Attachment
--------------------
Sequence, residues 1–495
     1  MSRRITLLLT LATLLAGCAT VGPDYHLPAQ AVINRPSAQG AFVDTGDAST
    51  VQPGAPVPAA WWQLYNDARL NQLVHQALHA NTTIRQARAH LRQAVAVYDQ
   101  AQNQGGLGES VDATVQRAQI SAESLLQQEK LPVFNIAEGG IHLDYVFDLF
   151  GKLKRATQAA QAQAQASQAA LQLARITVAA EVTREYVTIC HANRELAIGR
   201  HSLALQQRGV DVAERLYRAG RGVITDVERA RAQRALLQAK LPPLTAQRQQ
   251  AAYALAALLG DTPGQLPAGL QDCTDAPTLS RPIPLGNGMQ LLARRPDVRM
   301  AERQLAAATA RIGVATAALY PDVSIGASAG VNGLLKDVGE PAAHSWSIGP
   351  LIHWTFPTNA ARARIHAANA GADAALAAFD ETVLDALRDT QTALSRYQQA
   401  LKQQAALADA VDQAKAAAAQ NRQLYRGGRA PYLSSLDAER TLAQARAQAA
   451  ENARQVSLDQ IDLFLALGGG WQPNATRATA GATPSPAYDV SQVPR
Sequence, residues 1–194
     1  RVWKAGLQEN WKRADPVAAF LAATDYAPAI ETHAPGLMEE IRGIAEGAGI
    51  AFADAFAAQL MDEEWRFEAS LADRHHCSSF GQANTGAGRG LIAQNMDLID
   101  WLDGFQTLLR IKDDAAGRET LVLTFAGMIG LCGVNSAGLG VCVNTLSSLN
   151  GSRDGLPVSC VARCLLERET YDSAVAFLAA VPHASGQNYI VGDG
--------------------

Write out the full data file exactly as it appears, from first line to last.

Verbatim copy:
Sequence, residues 1–495
     1  MSRRITLLLT LATLLAGCAT VGPDYHLPAQ AVINRPSAQG AFVDTGDAST
    51  VQPGAPVPAA WWQLYNDARL NQLVHQALHA NTTIRQARAH LRQAVAVYDQ
   101  AQNQGGLGES VDATVQRAQI SAESLLQQEK LPVFNIAEGG IHLDYVFDLF
   151  GKLKRATQAA QAQAQASQAA LQLARITVAA EVTREYVTIC HANRELAIGR
   201  HSLALQQRGV DVAERLYRAG RGVITDVERA RAQRALLQAK LPPLTAQRQQ
   251  AAYALAALLG DTPGQLPAGL QDCTDAPTLS RPIPLGNGMQ LLARRPDVRM
   301  AERQLAAATA RIGVATAALY PDVSIGASAG VNGLLKDVGE PAAHSWSIGP
   351  LIHWTFPTNA ARARIHAANA GADAALAAFD ETVLDALRDT QTALSRYQQA
   401  LKQQAALADA VDQAKAAAAQ NRQLYRGGRA PYLSSLDAER TLAQARAQAA
   451  ENARQVSLDQ IDLFLALGGG WQPNATRATA GATPSPAYDV SQVPR
Sequence, residues 1–194
     1  RVWKAGLQEN WKRADPVAAF LAATDYAPAI ETHAPGLMEE IRGIAEGAGI
    51  AFADAFAAQL MDEEWRFEAS LADRHHCSSF GQANTGAGRG LIAQNMDLID
   101  WLDGFQTLLR IKDDAAGRET LVLTFAGMIG LCGVNSAGLG VCVNTLSSLN
   151  GSRDGLPVSC VARCLLERET YDSAVAFLAA VPHASGQNYI VGDG